M2M Management

The machine does not isolate man from the great problems of nature but plunges him more deeply into them.”
Antoine de Saint-Exupery

Many are wondering what the M2M acronym means for their OSS.

M2M, or Machine to Machine, is sometimes touted as one possible saviour for CSPs that are losing revenues from their traditional cash cows like fixed-line voice networks. M2M is not really new, with telemetry networks carried over CSP links for years. However, it is the scale and rapid growth of “the internet of things” that builds importance of M2M for OSS. As sensors become smaller, cheaper and more integrated, more applications (in the broader sense of the word, not just the smart-phone / tablet context) will make use of them. Obviously the use of radio / mobile links rather than fixed lines also increases the myriad of ways that they can be used (read location-based data sources).

All predictions are towards that of rapid growth of the number of M2M links globally. For example, Informa Telecoms & Media forecasts the cellular M2M market is on track to reach 315 million connections globally, as well as annual M2M revenues of US$ 12.8 billion, by the end of 2015.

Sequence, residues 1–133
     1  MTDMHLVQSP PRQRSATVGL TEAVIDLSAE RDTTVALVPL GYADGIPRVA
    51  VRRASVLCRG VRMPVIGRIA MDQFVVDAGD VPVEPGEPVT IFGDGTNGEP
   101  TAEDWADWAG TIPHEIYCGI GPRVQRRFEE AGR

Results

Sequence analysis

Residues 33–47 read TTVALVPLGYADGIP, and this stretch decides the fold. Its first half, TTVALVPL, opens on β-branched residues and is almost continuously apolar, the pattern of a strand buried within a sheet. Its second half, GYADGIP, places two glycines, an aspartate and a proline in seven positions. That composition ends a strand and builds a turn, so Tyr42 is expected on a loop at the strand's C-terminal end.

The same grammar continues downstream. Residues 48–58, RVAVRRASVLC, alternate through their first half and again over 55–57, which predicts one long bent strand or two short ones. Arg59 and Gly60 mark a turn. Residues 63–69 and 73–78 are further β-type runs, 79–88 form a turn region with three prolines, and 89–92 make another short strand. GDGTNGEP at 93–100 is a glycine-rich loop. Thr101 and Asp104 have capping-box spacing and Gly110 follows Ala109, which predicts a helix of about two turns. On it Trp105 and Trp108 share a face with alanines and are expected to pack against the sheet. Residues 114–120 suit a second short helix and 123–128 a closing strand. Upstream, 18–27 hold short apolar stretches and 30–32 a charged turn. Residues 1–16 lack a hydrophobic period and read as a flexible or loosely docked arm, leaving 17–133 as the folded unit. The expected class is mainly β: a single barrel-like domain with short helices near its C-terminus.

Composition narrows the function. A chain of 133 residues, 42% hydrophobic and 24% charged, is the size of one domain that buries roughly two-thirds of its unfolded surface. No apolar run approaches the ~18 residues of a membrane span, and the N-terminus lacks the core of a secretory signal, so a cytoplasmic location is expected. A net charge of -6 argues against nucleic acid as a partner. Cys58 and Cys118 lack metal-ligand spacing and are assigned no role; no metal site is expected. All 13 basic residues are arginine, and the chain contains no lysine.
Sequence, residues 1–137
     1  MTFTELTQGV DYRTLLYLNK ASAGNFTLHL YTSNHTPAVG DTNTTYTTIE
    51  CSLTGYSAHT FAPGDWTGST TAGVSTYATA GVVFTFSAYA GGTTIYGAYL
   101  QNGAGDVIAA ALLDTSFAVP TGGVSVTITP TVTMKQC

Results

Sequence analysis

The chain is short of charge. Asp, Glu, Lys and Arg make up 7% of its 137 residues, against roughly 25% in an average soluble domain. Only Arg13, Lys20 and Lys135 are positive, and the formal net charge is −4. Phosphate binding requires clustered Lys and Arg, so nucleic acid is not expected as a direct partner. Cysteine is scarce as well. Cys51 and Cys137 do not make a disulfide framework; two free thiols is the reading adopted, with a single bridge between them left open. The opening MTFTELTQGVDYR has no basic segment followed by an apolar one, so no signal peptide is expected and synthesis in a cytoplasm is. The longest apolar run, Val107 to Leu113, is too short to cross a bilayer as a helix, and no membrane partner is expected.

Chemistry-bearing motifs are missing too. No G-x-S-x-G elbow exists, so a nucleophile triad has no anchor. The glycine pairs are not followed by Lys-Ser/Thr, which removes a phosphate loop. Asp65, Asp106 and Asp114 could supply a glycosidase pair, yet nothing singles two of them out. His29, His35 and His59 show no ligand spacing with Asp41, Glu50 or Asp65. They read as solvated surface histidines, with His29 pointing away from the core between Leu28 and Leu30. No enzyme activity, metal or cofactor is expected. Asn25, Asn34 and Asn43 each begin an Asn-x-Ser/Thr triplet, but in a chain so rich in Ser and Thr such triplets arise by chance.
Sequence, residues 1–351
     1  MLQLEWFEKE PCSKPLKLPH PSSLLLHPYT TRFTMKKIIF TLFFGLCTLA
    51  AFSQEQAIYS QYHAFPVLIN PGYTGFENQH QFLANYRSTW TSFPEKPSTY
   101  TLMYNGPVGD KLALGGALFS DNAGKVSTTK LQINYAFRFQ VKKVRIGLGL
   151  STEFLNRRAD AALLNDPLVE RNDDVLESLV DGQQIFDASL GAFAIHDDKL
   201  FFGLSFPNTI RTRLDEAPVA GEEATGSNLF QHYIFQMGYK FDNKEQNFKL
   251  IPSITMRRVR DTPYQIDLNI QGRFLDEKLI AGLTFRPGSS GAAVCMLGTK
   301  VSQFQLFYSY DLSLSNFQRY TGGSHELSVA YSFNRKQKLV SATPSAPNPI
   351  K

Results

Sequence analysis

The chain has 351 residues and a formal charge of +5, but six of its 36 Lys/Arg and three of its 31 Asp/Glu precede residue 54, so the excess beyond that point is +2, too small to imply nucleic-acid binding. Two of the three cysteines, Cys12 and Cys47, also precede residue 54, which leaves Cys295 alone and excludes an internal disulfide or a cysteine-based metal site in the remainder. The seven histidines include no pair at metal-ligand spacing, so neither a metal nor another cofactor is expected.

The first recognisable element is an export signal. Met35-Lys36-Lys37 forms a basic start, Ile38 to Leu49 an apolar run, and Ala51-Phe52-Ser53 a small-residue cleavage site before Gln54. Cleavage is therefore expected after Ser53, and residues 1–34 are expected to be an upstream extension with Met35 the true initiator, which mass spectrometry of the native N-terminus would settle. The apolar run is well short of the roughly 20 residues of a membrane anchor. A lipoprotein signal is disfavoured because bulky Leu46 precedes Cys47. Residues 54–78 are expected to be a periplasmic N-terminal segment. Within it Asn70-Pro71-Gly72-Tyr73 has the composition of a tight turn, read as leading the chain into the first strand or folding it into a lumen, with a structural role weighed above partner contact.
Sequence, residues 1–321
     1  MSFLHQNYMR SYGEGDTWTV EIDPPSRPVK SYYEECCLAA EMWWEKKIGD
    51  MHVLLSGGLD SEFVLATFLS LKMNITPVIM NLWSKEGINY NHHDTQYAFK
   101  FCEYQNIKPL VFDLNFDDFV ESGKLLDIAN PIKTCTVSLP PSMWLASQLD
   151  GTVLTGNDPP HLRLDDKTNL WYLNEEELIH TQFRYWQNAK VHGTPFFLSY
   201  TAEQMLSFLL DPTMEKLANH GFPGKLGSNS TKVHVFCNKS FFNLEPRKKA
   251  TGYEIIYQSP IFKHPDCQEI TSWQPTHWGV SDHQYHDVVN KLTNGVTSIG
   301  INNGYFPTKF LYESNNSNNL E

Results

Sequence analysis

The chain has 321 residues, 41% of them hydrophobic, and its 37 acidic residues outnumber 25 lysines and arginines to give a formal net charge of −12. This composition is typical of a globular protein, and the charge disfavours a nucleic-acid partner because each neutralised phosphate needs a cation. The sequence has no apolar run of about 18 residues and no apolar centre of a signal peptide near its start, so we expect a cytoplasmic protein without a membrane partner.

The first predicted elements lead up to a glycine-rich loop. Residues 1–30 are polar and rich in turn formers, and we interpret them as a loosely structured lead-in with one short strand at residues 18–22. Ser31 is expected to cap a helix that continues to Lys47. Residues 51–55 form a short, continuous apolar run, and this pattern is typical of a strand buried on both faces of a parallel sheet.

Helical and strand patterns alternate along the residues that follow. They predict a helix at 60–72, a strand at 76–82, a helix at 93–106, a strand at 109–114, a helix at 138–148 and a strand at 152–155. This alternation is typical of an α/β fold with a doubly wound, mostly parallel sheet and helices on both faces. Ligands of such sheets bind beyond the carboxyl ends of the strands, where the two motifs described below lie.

This points to serious carrier revenue streams and data streams that need to be managed. Obviously the CSPs want to provide more than just the connectivity and provide more value-added services. Similarly B/OSS has the potential to have a bigger part to play than just managing the connectivity.

When you break M2M management down into its constituent parts, you’ll notice a lot of commonalities with OSS:

  • Provisioning
  • Reporting
  • Near real-time network health management
  • Inventory (the sensors and their comms links are effectively nodes and arcs, making them no different from other OSS)
  • Billing
  • Traffic management
  • Robust APIs
  • Data security and integrity
  • End-to-end service visibility (often through multiple layers of provider, technology or process)

The only key difference is the sensor bulk orders. grouping and management functionality, although even that has similarities with OSS that provision services en-masse to their customers (ie pre-paid mobile services).

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